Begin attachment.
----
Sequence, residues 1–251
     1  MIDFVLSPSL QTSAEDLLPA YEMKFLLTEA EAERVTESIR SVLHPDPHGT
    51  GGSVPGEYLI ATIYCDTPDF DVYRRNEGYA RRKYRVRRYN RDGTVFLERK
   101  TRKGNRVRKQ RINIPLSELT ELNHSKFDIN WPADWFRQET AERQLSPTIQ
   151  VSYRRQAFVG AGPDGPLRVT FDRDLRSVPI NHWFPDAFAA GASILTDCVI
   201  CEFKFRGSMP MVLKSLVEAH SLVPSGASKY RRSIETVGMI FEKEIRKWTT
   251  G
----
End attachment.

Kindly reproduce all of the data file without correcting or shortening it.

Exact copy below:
Sequence, residues 1–251
     1  MIDFVLSPSL QTSAEDLLPA YEMKFLLTEA EAERVTESIR SVLHPDPHGT
    51  GGSVPGEYLI ATIYCDTPDF DVYRRNEGYA RRKYRVRRYN RDGTVFLERK
   101  TRKGNRVRKQ RINIPLSELT ELNHSKFDIN WPADWFRQET AERQLSPTIQ
   151  VSYRRQAFVG AGPDGPLRVT FDRDLRSVPI NHWFPDAFAA GASILTDCVI
   201  CEFKFRGSMP MVLKSLVEAH SLVPSGASKY RRSIETVGMI FEKEIRKWTT
   251  G